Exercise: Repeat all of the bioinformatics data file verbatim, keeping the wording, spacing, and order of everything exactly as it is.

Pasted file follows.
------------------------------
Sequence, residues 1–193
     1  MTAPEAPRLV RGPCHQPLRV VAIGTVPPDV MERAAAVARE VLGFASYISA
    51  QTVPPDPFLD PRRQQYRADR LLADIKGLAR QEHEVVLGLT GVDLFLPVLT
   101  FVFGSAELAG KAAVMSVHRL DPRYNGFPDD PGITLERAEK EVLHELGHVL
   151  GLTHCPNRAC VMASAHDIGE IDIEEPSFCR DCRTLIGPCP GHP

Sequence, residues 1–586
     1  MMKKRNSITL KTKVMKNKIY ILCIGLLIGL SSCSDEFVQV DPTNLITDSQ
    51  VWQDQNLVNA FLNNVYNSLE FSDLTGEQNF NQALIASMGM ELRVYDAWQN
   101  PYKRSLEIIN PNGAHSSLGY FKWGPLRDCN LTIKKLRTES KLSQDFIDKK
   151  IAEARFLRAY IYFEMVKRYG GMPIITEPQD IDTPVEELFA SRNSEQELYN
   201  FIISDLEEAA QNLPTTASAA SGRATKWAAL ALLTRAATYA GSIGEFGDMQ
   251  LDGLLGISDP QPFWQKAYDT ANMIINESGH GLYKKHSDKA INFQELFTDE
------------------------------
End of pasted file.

Sequence, residues 1–193
     1  MTAPEAPRLV RGPCHQPLRV VAIGTVPPDV MERAAAVARE VLGFASYISA
    51  QTVPPDPFLD PRRQQYRADR LLADIKGLAR QEHEVVLGLT GVDLFLPVLT
   101  FVFGSAELAG KAAVMSVHRL DPRYNGFPDD PGITLERAEK EVLHELGHVL
   151  GLTHCPNRAC VMASAHDIGE IDIEEPSFCR DCRTLIGPCP GHP

Sequence, residues 1–586
     1  MMKKRNSITL KTKVMKNKIY ILCIGLLIGL SSCSDEFVQV DPTNLITDSQ
    51  VWQDQNLVNA FLNNVYNSLE FSDLTGEQNF NQALIASMGM ELRVYDAWQN
   101  PYKRSLEIIN PNGAHSSLGY FKWGPLRDCN LTIKKLRTES KLSQDFIDKK
   151  IAEARFLRAY IYFEMVKRYG GMPIITEPQD IDTPVEELFA SRNSEQELYN
   201  FIISDLEEAA QNLPTTASAA SGRATKWAAL ALLTRAATYA GSIGEFGDMQ
   251  LDGLLGISDP QPFWQKAYDT ANMIINESGH GLYKKHSDKA INFQELFTDE